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Beyond Adult Normative Perspectives in Digital Identity Discourse

Social media background

One reason I was drawn to study the intersections of digital social media and student identity is my passion for theory. When I was a master’s student at the University of Maryland College Park, Student Development Theory was unquestionably one of my favorite courses. In my professional career, I actually used theory to structure educational experiences. SOUL Camp, a program that was conceived and implemented alongside a fantastic group of committed student leaders at the University of Louisiana at Lafayette, was firmly rooted in student development, engagement, and retention theory. I used leadership theory (Kouzes & Posner, 2002; 2008) to structure student leader training. I find theory and practice to be intimately entangled in the work of being a student affairs educator (Dewey, 1904).

Many theories utilized by professionals in the field adhere to Western, essentialized notions of self: a belief in an autonomous, independent and individually acting agent who, after a linearly predictive period of maturation and growth, adequate challenge and support (Sanford, 1967), will reach a developmental apex (Evans, Forney, Guido, Patton, & Renn, 2010). This is often referred to as self-actualization or self-authorship (Evans et al., 2010).

The discourse, theories, and models of the field have attempted to partially move away from this understanding of student identity, starting with the Model of Multiple Dimensions of Identity (MMDI) (Jones & McEwen, 2000) and its various reconceptualizations (Abes, Jones, & McEwen, 2007; Jones & Abes, 2013).The MMDI complicated our discussion about student identity by recognizing identity as centered in psychological, sociological, cognitive, environmental, and discursive processes. As I co-taught Student Development Theory last spring here at Louisiana State University, I discussed with our students how the MMDI attempts to take a half-century of student development theorizing – disjointed, disconnected, fragmented theory and models – and put the pieces back together into a holistic examination of student ‘development.’ In fact, Jones and McEwen (2000) were fairly explicit that developing a holistic model of student identity development would be the complicated task of researchers in the 21st century.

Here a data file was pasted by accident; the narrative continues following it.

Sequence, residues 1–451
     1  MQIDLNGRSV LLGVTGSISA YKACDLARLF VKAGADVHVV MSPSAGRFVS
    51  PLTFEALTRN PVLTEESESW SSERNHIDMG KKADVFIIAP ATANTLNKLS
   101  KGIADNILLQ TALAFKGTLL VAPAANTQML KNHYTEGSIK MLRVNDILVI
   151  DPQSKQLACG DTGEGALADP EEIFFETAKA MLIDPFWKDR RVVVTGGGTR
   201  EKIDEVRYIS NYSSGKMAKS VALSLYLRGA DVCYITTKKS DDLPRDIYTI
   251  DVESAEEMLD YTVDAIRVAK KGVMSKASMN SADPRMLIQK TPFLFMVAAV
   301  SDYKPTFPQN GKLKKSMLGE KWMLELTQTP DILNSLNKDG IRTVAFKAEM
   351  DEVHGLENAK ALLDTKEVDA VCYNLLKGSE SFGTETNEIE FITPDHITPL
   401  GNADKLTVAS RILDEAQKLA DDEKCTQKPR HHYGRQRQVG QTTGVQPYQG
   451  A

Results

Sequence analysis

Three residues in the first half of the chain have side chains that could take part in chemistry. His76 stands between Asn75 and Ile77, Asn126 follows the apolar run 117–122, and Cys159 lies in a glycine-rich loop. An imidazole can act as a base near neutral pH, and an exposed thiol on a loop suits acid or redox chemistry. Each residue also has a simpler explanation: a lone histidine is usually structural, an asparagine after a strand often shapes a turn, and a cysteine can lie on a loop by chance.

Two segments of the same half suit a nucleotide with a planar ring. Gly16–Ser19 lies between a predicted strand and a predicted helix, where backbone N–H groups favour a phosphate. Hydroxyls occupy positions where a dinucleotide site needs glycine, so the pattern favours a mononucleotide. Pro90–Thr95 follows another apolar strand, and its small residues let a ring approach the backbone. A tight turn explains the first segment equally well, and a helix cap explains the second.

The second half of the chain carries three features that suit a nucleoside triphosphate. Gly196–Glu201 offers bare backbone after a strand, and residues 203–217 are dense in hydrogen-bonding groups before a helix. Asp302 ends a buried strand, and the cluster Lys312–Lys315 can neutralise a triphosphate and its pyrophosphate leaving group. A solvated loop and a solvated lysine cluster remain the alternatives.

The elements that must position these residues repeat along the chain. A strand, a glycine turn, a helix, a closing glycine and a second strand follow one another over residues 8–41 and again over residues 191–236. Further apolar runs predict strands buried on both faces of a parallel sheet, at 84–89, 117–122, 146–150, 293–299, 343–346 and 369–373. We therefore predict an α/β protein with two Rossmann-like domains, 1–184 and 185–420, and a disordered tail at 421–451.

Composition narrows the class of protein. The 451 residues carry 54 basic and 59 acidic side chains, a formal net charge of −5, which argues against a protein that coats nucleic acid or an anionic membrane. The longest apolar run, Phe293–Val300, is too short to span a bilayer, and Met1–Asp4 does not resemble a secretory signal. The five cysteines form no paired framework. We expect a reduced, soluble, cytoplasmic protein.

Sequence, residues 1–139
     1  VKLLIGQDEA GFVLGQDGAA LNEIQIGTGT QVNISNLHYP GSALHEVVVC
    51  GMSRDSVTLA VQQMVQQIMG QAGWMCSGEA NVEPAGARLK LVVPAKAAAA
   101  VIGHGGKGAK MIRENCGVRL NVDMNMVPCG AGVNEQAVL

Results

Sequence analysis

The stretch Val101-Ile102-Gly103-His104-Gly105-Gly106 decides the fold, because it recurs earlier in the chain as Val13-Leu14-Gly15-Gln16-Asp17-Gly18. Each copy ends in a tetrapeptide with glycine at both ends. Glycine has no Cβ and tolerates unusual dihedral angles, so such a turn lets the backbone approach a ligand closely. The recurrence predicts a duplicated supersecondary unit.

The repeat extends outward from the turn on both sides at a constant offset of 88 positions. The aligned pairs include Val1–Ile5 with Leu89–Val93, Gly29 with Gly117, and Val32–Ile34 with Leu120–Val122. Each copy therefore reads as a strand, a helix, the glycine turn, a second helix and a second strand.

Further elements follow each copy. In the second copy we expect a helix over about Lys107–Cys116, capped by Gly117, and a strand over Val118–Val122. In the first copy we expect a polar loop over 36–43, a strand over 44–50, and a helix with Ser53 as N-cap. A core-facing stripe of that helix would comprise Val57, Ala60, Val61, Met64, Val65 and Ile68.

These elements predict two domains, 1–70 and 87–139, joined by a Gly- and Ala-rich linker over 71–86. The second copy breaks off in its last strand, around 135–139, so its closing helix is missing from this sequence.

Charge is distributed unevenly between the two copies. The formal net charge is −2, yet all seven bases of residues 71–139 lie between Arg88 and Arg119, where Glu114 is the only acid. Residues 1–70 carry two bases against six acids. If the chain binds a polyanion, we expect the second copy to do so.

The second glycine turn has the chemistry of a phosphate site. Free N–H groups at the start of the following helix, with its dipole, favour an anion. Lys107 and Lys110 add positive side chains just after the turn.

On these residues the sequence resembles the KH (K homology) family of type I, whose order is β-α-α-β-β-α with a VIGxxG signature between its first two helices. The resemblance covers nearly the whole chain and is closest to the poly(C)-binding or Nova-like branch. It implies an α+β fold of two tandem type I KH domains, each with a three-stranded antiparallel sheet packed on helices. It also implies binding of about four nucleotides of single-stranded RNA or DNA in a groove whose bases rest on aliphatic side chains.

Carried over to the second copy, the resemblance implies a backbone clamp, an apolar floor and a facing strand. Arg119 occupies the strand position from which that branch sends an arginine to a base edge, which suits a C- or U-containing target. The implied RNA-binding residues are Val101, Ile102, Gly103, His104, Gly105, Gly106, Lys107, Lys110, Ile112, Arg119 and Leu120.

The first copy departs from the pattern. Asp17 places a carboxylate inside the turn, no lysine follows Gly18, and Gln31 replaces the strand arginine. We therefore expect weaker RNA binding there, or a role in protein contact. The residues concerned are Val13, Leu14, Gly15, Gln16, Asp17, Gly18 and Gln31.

Social Media Space: Disrupting Student Development

Social media spaces, however, complicate our relationship to traditional student development theories.   In distributed social media space, understandings of identity as stable, as reaching a developmental apex, disappear. Social media spaces are creative, dynamic, social environments. Understanding environmental and ecological theories are critical to my understanding of the disruption caused by social media spaces, primarily because the vast number of social media platforms (over 300 according to Erik Qualman (2013)), and the near-constant proliferation of changes to digital architectures, make the presentation, articulation, and understanding of identity in digital spaces challenging (Eaton, 2014).

This is why I believe it is time for the field of student affairs to move beyond some of our adult normative (Junco, 2014) conceptions of student ‘development,’ particularly when it comes to discussing identity in digital spaces. In borrowing the term adult normative from Reynol Junco (2014) and danah boyd (2014), I am speaking specifically of the field’s adherence to discussing identity only in the language, theories, and conceptions of identity rooted in Western, empiricist, essentialized understandings. This is the field’s adult normative perspective. It has guided our work for a long time. It is important to continue teaching these perspectives to our graduate students, viewing their possibilities and limitations.  However, these adult normative theories may not translate well into digital social media spaces.